Chapter

Conclusions: A Europe of Agents, a World of Agents

Mark A. Pollack

in The Engines of European Integration

Published in print March 2003 | ISBN: 9780199251179
Published online November 2003 | e-ISBN: 9780191600111 | DOI: http://dx.doi.org/10.1093/0199251177.003.0008
 Conclusions: A Europe of Agents, a World of Agents

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The member states of the European Union have delegated functions to the Commission and the Court of Justice, which correspond closely to the functions predicted by principal‐agent models; delegation to the European Parliament, however, fits poorly with such models, and appears to be driven primarily by concerns about democratic legitimacy. Turning from delegation to the subsequent activities of supranational agents, the evidence suggests that the EU's supranational agents generally act as unitary actors with a preference for further integration, and that the discretion of these actors to realize their preferences varies systematically with the institutional control mechanisms established by member governments. Looking beyond the European Union, the increasing delegation of executive and judicial powers to international organisations, secretariats and tribunals calls for further study using the tools of principal‐agent analysis. Such international delegation promises significant benefits to participating states, but also raises normative concerns about democratic accountability.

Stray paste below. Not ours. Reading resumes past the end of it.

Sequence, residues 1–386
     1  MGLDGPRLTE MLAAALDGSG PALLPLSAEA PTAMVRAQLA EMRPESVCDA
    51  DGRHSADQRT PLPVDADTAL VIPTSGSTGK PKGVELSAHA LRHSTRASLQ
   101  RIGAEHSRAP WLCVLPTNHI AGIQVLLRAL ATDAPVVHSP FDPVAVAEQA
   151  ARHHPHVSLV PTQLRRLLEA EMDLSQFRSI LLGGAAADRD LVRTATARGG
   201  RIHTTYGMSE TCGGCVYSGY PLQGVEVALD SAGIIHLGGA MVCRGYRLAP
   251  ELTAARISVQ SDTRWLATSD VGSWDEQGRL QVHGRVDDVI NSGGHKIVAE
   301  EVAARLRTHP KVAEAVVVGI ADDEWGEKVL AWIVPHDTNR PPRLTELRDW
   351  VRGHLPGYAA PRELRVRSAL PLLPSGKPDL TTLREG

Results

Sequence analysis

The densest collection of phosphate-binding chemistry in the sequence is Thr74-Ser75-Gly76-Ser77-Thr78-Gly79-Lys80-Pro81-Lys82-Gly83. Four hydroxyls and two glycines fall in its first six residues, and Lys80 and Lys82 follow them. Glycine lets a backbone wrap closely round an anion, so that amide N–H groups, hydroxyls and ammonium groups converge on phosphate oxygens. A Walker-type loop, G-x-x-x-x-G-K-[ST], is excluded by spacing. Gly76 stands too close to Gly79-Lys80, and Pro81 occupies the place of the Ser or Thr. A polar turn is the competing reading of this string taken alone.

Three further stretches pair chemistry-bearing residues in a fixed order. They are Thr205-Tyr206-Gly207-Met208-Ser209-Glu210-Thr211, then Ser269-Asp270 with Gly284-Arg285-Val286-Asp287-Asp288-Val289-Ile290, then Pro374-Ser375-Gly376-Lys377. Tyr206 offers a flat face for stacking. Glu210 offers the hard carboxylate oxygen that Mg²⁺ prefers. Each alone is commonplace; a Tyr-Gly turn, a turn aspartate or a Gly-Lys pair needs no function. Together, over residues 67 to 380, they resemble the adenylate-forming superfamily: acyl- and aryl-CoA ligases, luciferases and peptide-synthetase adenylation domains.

Keywords: accountability; delegation; democracy; European Commission; European Court of Justice; European Parliament; European Union; international organisations; legitimacy; supranational agents

Chapter.  15173 words. 

Subjects: European Union

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